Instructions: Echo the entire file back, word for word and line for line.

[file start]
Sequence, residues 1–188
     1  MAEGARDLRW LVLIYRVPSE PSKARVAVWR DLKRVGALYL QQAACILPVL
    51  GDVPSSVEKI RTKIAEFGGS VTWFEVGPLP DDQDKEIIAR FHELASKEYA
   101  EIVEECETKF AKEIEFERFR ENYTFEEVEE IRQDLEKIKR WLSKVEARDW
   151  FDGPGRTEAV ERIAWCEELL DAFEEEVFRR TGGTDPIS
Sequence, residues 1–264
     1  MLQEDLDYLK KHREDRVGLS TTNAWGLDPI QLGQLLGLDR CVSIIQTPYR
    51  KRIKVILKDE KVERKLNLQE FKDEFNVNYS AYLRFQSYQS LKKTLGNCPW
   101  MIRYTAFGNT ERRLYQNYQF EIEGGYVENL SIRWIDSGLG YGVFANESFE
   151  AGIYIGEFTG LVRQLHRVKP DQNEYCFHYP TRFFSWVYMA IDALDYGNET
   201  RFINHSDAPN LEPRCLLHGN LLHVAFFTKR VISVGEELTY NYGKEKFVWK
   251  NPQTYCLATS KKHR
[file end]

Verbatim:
Sequence, residues 1–188
     1  MAEGARDLRW LVLIYRVPSE PSKARVAVWR DLKRVGALYL QQAACILPVL
    51  GDVPSSVEKI RTKIAEFGGS VTWFEVGPLP DDQDKEIIAR FHELASKEYA
   101  EIVEECETKF AKEIEFERFR ENYTFEEVEE IRQDLEKIKR WLSKVEARDW
   151  FDGPGRTEAV ERIAWCEELL DAFEEEVFRR TGGTDPIS
Sequence, residues 1–264
     1  MLQEDLDYLK KHREDRVGLS TTNAWGLDPI QLGQLLGLDR CVSIIQTPYR
    51  KRIKVILKDE KVERKLNLQE FKDEFNVNYS AYLRFQSYQS LKKTLGNCPW
   101  MIRYTAFGNT ERRLYQNYQF EIEGGYVENL SIRWIDSGLG YGVFANESFE
   151  AGIYIGEFTG LVRQLHRVKP DQNEYCFHYP TRFFSWVYMA IDALDYGNET
   201  RFINHSDAPN LEPRCLLHGN LLHVAFFTKR VISVGEELTY NYGKEKFVWK
   251  NPQTYCLATS KKHR